Having been born in the mid sixties the swastika is a symbol of nazi Germany or hate groups and doesn't represent anything positive. I started seeing them as I travelled Ohio and decided to do some research.

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This one is on the floor of the Wade Chapel worked into a pattern in the floor.  The chapel is in Lakeview Cemetary and was built in 1901. The design was made by Tiffany company.  Today it seems very out of place in a chapel.  

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My next sighting was in President Garfields tomb in the same cemetary.  President Garfield was a Civil War Veteran so obviously he predates World War Two. The symbol is very clear in the tile pattern on the floor.

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The swastica on the left is on the belt of a pair of chaps owned by Zane Grey. They are on display at the National Road Museum.  Zane grey passed away in 1939 so we are getting closer to the time of the second world war.  At this point Im getting used to seeing them but they still dont look right to me. 

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While the symbol still made me cringe a bit; I knew that Zane Grey and President Garfield couldnt have had connections with my view of it simply because they lived too early. The examples I had found all came between roughly 1850 and 1940. I knew why we havent seen the symbol since 1940; but I was curious why it was popular during this time. I also couldn't remember it in use during the revolutionary or civil wars.

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The first thing I found was that the symbol was also used by the US Army during this time. At the time it symbolized good luck. Here you can clearly see the swastika on a US Army plane.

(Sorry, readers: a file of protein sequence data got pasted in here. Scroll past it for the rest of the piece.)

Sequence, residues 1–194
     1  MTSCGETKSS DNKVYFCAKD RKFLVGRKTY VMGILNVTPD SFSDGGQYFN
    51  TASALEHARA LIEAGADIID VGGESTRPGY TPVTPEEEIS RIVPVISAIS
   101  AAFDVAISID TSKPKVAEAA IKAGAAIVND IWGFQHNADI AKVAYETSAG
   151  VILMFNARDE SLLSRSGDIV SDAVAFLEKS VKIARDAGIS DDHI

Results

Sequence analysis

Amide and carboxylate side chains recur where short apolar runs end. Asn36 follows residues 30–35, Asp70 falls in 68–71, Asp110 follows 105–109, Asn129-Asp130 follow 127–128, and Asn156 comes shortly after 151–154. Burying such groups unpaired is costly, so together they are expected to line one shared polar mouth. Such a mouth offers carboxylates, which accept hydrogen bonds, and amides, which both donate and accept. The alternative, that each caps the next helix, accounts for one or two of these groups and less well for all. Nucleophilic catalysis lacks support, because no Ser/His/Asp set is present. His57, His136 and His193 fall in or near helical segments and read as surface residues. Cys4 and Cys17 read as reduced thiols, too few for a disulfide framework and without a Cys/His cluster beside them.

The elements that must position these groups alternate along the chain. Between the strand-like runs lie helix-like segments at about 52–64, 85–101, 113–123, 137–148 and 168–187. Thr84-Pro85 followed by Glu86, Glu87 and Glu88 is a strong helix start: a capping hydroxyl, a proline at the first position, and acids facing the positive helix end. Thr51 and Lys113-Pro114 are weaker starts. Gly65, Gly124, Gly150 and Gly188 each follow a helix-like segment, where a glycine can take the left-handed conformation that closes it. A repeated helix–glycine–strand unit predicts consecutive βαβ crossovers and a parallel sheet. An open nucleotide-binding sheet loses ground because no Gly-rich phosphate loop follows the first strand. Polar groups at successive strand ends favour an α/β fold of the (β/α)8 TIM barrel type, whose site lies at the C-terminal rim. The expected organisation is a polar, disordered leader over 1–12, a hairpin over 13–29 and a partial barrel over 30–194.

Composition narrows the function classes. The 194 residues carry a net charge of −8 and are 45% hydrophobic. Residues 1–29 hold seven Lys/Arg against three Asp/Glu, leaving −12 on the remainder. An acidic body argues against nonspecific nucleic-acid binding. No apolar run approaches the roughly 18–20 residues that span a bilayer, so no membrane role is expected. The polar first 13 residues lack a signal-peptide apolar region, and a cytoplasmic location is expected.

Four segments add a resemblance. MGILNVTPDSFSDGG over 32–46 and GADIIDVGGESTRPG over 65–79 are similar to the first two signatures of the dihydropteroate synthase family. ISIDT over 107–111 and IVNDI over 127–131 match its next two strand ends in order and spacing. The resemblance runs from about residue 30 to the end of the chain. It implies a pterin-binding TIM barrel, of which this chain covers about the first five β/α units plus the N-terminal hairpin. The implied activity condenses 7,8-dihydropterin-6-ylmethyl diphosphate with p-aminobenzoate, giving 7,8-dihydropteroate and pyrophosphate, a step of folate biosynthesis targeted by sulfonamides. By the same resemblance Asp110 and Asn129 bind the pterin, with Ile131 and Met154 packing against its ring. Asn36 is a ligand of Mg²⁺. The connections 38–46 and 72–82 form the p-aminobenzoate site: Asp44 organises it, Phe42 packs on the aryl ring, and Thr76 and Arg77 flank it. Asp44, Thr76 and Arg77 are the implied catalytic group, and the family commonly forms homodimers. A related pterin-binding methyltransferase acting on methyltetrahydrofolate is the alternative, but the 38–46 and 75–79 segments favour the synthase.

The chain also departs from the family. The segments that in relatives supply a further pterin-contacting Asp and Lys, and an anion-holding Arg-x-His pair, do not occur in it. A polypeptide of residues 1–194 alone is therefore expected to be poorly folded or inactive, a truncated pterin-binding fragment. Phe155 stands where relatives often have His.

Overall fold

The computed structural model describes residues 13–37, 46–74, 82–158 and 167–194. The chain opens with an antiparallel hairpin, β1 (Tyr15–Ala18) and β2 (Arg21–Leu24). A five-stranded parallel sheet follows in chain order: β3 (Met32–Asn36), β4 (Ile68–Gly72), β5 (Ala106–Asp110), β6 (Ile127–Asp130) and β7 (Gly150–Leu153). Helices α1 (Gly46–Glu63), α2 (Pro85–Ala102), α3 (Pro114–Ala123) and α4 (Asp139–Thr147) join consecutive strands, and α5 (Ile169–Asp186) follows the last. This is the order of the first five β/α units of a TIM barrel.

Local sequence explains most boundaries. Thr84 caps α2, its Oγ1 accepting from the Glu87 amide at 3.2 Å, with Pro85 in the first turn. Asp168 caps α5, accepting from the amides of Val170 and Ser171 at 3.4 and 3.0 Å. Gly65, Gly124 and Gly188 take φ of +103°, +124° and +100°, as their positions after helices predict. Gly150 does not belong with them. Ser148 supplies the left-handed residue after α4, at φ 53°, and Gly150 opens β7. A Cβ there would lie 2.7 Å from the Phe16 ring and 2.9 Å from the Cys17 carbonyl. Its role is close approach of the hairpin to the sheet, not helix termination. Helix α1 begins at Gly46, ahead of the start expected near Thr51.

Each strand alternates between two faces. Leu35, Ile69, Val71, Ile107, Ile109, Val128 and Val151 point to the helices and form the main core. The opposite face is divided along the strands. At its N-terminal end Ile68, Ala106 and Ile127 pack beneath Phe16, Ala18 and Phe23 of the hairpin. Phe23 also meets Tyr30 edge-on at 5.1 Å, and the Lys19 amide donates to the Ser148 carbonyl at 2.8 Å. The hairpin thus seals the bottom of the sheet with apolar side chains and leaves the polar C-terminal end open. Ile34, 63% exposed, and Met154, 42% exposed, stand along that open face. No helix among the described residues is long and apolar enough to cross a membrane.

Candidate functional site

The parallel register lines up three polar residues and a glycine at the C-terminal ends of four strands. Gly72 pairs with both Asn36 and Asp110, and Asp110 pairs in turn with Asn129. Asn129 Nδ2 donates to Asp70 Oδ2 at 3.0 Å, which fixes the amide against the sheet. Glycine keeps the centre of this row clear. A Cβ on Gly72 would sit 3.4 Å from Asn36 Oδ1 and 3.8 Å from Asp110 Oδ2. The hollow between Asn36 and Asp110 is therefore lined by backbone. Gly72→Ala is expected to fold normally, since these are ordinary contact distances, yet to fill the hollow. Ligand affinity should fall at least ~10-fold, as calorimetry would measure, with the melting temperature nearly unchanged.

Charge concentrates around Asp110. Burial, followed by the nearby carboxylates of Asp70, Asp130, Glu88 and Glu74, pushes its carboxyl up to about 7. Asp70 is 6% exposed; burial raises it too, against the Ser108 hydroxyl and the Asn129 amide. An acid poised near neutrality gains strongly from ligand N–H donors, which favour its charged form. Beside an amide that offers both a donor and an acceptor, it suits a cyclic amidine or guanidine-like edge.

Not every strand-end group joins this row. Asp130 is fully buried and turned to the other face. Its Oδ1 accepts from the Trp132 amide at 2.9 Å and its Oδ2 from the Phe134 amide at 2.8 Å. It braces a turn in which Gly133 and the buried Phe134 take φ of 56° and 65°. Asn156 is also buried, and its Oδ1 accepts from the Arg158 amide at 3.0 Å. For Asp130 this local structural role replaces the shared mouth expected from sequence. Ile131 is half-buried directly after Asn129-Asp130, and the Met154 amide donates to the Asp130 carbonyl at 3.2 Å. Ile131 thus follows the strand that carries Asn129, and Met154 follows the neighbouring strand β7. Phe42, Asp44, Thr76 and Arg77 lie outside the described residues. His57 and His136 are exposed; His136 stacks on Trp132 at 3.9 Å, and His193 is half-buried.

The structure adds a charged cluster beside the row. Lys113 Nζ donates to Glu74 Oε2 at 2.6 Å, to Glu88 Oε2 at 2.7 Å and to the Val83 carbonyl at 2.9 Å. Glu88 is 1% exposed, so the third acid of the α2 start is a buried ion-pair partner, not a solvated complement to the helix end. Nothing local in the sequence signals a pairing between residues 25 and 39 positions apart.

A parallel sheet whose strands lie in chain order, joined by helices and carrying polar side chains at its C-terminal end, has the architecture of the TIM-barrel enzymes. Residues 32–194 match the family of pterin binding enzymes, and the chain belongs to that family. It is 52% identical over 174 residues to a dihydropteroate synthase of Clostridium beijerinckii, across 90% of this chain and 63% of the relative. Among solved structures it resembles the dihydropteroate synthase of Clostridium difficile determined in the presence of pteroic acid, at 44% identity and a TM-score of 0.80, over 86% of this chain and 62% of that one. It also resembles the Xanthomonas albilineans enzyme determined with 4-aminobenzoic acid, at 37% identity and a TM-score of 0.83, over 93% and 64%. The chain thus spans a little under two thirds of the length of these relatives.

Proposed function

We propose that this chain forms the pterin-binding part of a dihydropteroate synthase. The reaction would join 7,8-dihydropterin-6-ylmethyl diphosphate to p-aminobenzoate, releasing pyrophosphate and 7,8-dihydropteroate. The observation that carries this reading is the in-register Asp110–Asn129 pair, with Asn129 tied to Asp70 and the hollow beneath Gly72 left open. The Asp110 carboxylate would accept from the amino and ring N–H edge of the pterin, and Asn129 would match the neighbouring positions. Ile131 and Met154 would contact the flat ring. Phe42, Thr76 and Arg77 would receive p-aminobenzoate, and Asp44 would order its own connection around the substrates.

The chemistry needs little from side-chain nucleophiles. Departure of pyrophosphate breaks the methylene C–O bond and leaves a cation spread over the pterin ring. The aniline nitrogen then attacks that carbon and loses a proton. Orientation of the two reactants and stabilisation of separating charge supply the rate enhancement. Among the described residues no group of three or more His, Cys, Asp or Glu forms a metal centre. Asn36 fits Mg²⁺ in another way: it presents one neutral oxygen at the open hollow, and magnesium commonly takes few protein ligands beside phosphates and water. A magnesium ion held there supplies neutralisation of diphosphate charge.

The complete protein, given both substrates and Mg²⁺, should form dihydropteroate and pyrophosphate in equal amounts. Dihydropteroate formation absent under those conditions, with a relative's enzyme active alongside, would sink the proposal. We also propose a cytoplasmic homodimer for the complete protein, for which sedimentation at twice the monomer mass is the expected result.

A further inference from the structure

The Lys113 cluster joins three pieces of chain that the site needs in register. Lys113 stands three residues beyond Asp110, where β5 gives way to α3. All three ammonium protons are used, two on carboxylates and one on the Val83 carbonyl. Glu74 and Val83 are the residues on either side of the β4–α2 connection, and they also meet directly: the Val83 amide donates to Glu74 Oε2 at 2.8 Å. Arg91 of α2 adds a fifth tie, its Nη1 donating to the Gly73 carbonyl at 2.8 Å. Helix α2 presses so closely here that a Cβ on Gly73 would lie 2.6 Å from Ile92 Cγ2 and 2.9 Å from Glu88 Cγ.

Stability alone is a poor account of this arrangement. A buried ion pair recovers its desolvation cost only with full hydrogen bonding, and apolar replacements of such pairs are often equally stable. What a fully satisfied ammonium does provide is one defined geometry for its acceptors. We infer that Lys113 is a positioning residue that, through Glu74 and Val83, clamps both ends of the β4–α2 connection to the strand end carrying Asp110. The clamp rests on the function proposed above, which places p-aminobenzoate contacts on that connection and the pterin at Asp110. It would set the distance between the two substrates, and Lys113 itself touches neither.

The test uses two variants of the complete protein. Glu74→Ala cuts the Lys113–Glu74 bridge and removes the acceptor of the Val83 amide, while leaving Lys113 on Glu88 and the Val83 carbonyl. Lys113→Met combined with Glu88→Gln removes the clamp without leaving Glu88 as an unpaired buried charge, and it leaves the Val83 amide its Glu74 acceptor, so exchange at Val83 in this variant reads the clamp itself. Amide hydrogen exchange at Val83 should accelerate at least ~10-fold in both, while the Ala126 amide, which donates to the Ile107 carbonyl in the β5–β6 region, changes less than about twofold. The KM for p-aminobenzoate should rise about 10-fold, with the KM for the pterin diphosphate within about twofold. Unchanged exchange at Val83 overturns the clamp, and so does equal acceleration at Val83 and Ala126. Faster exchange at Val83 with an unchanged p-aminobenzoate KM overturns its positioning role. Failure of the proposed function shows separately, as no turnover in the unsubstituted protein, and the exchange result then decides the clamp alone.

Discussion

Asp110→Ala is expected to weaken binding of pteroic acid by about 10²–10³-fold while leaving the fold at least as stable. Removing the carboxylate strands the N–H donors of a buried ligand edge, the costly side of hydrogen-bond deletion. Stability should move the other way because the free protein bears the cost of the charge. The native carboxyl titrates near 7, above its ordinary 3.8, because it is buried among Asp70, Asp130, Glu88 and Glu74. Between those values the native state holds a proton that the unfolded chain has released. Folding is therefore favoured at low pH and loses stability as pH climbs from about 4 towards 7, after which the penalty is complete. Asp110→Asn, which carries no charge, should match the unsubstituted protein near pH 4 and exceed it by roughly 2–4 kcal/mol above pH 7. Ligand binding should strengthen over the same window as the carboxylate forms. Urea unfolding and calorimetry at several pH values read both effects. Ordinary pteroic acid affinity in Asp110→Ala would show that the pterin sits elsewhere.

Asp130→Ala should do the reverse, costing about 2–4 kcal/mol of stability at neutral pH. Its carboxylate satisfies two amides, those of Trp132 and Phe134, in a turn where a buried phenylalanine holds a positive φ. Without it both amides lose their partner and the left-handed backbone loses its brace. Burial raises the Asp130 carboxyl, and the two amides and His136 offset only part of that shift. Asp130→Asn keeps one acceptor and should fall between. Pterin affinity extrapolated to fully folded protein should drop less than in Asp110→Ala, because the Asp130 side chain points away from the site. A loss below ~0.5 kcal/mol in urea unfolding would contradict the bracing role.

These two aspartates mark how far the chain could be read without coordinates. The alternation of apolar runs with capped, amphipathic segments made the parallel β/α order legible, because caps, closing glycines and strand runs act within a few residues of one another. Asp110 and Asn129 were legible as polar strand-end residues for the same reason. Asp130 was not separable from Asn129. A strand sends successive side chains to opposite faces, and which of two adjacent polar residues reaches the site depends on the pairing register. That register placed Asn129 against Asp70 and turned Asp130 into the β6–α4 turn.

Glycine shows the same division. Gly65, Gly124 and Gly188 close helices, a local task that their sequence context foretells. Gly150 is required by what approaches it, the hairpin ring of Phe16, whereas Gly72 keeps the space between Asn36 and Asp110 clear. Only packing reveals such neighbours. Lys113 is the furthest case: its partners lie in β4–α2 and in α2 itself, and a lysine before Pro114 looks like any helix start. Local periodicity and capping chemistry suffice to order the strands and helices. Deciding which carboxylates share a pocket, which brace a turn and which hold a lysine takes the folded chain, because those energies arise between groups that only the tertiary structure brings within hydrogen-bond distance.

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A WWI postcard displayed the symbol as a good luck sign. 

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There is evidence that the swastica was in use by many cultures since ancient times. It has been found all around the world and generally stood for good luck or the four seasons. Like any symbol it seems to have come in and out of fashion over the years. Since its adoption by nazi Germany the symbol has basically stood for hatred and intolerance. It is still in use in India and retains its original meaning. However in the western world it most likely unredeemable and I doubt it will ever be seen as good luck symbol again.

As for why the symbol did not show up prior to 1850 I cant find anything solid. What I have found is that the symbol was in use in Britain and Europe. So it may simply be that the symbol wasn't popular here as it represented the old world that we just broke from. I could not find any reason to explain why the swastica wasn't used by any revolutionary or civil war units. If anyone knows please drop me an e-mail.

The answer to why it became popular here after 1850 may lie with the fact that the west was openning up.  The symbol was very popular with the Hopi in Arizona and that is the origin of it on Zane Greys chaps. Everything western was in fashion and the symbol was widely used here as a good luck sign.

Basically I learned that when I see a symbol I need to place it in its context. Its use in the chapel, Garfields Tomb and on Zane Grey chaps was entirely appropriate and to the people at that time it simply stood for good luck.

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